Old Saybrook Resident Arrested on Federal Tax Charge
For Immediate Release
U.S. Attorney's Office, District of Connecticut
Deirdre M. Daly, United States Attorney for the District of Connecticut, and Joel P. Garland, Special Agent in Charge of IRS Criminal Investigation in New England, announced that DAVID ADAMS, 55, of Old Saybrook, was arrested today on a federal criminal complaint that charges him with one count of filing a false tax return.
ADAMS appeared before U.S. Magistrate Judge Robert A. Richardson in Hartford and was released on a $500,000 bond secured by real property.
The complaint alleges that, on June 7, 2011, ADAMS sold his partnership interest in an online floral business and received $4,708,419.20 wired into his personal bank account as part of the net proceeds owed to him as a result of the sale. Although ADAMS told his accountant that he sold his partnership interest in 2011, ADAMS did not tell his accountant that he received $4,708,419.20. Accordingly, ADAMS’s 2011 tax return did not include the $4,708,419.20 in income ADAMS received as a result of the sale and instead showed ADAMS’ total income and tax liability for 2011 as substantially less than what should have been reported. The 2011 tax return also reflected that ADAMS had paid $220,000 in estimated tax payments during the year when, in fact, he paid only $100,000 in estimated tax payments for 2011.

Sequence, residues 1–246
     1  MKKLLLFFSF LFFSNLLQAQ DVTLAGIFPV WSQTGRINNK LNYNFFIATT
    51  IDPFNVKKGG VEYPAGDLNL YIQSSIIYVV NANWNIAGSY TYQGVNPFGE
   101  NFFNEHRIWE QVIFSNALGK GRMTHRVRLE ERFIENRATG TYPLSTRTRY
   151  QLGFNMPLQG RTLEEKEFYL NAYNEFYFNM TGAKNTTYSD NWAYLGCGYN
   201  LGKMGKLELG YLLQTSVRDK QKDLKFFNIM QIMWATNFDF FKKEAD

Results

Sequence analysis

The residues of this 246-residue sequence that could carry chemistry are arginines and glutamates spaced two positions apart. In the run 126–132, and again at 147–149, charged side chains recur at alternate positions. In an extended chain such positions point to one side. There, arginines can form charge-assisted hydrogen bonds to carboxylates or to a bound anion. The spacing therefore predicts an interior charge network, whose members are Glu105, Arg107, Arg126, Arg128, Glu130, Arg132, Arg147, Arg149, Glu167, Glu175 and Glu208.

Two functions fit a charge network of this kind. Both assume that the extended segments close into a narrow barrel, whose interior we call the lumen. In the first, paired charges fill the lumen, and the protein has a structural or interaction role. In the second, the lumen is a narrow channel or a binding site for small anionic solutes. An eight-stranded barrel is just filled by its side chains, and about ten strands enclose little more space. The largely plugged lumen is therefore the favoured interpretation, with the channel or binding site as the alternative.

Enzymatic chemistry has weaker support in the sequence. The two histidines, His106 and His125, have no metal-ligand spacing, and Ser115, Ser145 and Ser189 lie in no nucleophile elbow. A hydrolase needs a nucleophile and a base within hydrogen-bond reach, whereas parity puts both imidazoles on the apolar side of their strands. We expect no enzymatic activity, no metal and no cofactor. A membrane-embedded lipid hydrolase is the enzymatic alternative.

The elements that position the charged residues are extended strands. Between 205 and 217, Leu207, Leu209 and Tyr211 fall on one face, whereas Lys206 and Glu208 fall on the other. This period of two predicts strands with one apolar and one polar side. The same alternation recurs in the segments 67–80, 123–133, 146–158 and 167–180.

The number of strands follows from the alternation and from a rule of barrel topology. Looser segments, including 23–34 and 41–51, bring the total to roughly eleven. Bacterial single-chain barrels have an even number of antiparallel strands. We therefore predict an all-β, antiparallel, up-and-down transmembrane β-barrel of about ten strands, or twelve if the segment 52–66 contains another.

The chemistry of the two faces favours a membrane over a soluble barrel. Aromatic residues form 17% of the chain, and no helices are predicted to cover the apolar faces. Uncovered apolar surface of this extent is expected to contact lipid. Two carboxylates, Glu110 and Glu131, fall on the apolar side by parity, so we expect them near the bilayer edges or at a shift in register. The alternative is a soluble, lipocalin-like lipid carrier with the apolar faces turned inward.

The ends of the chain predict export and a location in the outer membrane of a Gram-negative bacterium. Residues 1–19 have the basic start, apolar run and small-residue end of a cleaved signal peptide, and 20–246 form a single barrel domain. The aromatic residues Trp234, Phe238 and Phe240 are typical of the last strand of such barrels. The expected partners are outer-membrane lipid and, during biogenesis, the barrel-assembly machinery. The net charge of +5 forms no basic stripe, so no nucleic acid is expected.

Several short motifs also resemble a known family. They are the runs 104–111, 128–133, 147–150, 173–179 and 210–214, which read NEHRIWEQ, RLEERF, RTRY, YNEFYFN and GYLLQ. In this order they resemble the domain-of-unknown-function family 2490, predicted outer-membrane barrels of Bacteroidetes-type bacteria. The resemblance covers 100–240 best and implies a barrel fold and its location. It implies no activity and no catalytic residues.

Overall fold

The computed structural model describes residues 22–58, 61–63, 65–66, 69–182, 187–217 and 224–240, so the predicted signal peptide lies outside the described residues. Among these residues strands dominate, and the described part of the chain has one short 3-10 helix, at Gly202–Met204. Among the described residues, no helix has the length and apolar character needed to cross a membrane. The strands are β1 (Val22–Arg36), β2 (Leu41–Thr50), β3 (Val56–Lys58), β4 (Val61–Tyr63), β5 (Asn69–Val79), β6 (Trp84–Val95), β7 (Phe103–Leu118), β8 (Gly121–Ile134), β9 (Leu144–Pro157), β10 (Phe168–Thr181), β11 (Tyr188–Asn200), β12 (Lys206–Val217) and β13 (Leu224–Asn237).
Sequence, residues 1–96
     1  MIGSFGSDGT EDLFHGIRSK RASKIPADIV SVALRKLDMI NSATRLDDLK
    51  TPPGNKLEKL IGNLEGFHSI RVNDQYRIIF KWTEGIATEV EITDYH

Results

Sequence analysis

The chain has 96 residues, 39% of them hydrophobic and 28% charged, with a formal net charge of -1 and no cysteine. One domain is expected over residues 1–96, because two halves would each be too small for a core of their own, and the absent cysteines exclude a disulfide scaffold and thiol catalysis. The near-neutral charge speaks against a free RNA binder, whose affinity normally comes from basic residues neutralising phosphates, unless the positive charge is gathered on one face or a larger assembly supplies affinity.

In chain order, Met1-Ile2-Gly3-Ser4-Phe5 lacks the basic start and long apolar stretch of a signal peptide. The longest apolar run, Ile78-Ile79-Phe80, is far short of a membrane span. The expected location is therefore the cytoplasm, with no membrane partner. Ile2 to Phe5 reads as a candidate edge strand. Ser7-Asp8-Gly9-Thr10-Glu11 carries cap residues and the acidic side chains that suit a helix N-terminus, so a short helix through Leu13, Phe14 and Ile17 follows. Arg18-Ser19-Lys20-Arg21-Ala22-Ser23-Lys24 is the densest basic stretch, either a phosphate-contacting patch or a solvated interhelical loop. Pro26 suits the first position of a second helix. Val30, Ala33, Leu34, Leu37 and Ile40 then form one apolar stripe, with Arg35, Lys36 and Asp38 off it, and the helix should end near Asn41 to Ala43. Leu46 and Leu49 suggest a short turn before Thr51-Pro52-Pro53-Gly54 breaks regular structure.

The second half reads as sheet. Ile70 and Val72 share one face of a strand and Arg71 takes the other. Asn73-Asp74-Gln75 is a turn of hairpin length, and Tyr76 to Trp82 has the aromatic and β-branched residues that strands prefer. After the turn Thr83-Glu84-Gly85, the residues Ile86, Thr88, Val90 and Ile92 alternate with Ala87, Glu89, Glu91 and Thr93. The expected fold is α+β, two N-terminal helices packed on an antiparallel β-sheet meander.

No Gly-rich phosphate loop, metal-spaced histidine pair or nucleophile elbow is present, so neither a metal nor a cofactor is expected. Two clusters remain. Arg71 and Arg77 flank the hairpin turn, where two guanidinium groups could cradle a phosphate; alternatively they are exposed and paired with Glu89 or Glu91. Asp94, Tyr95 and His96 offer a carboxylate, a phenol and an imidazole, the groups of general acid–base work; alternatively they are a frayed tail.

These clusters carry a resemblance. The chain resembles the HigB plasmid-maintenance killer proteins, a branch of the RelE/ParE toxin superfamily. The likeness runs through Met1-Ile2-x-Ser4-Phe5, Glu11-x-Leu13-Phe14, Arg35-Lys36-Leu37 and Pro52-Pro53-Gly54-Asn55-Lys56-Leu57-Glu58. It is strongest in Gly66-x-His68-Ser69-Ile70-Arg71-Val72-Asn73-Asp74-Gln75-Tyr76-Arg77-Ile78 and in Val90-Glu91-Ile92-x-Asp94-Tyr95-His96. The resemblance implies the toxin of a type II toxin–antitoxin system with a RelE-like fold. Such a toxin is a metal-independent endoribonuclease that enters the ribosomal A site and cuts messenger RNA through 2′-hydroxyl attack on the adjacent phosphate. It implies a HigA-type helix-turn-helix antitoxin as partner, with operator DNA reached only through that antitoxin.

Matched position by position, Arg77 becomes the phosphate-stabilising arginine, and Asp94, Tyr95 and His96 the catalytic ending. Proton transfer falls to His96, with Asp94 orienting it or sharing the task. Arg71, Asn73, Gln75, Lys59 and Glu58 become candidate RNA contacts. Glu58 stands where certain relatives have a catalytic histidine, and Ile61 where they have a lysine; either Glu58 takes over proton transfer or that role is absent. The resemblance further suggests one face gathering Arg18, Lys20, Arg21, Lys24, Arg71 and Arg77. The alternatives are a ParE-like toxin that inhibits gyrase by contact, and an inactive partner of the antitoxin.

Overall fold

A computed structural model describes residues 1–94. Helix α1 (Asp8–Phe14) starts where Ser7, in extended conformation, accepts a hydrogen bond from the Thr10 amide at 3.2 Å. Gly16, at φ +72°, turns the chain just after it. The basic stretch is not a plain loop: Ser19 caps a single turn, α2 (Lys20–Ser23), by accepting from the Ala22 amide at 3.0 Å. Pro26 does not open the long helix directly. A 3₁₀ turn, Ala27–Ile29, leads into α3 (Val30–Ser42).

The complaint alleges that ADAMS also made false statements on his tax returns for years 2002, 2009 and 2012. For example, on his 2012 tax return, ADAMS failed to report more than $1.3 million in cash he received into his personal bank account in that year. The complaint further alleges that ADAMS has an extensive history with IRS collections.
According to statements made in court, it is alleged that ADAMS owes approximately $4.7 million in back taxes, interest and penalties.
The charge of filing a false tax return carries a maximum term of imprisonment of three years.
U.S. Attorney Daly stressed that a complaint is only a charge and is not evidence of guilt. Charges are only allegations, and a defendant is presumed innocent unless and until proven guilty beyond a reasonable doubt.
This matter is being investigated by the Internal Revenue Service – Criminal Investigation Division. The case is being prosecuted by Assistant U.S. Attorney Susan L. Wines.
Updated April 14, 2016